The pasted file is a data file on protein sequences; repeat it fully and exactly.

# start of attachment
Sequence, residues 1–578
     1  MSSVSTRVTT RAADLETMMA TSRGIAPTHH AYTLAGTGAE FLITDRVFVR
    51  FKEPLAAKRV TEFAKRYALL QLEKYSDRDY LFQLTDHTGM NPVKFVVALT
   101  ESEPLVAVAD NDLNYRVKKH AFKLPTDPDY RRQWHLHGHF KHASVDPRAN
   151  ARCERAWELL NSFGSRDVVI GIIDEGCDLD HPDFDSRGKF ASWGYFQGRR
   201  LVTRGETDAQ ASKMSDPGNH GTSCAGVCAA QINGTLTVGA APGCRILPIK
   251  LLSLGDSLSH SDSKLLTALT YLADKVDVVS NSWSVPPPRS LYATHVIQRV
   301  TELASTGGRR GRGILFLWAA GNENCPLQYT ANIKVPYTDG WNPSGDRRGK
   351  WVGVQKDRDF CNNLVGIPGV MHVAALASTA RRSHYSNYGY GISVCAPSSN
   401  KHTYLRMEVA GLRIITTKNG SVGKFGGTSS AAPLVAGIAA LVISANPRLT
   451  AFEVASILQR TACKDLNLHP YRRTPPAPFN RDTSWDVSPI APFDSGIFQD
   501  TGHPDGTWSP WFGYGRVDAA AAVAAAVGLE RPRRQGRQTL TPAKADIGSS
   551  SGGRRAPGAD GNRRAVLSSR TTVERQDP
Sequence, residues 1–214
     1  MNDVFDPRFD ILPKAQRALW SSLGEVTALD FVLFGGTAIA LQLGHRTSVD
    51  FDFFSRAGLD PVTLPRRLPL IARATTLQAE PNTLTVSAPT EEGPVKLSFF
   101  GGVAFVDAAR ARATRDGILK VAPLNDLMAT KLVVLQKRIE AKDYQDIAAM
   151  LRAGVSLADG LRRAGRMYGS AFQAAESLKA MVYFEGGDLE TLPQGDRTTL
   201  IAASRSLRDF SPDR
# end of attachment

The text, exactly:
Sequence, residues 1–578
     1  MSSVSTRVTT RAADLETMMA TSRGIAPTHH AYTLAGTGAE FLITDRVFVR
    51  FKEPLAAKRV TEFAKRYALL QLEKYSDRDY LFQLTDHTGM NPVKFVVALT
   101  ESEPLVAVAD NDLNYRVKKH AFKLPTDPDY RRQWHLHGHF KHASVDPRAN
   151  ARCERAWELL NSFGSRDVVI GIIDEGCDLD HPDFDSRGKF ASWGYFQGRR
   201  LVTRGETDAQ ASKMSDPGNH GTSCAGVCAA QINGTLTVGA APGCRILPIK
   251  LLSLGDSLSH SDSKLLTALT YLADKVDVVS NSWSVPPPRS LYATHVIQRV
   301  TELASTGGRR GRGILFLWAA GNENCPLQYT ANIKVPYTDG WNPSGDRRGK
   351  WVGVQKDRDF CNNLVGIPGV MHVAALASTA RRSHYSNYGY GISVCAPSSN
   401  KHTYLRMEVA GLRIITTKNG SVGKFGGTSS AAPLVAGIAA LVISANPRLT
   451  AFEVASILQR TACKDLNLHP YRRTPPAPFN RDTSWDVSPI APFDSGIFQD
   501  TGHPDGTWSP WFGYGRVDAA AAVAAAVGLE RPRRQGRQTL TPAKADIGSS
   551  SGGRRAPGAD GNRRAVLSSR TTVERQDP
Sequence, residues 1–214
     1  MNDVFDPRFD ILPKAQRALW SSLGEVTALD FVLFGGTAIA LQLGHRTSVD
    51  FDFFSRAGLD PVTLPRRLPL IARATTLQAE PNTLTVSAPT EEGPVKLSFF
   101  GGVAFVDAAR ARATRDGILK VAPLNDLMAT KLVVLQKRIE AKDYQDIAAM
   151  LRAGVSLADG LRRAGRMYGS AFQAAESLKA MVYFEGGDLE TLPQGDRTTL
   201  IAASRSLRDF SPDR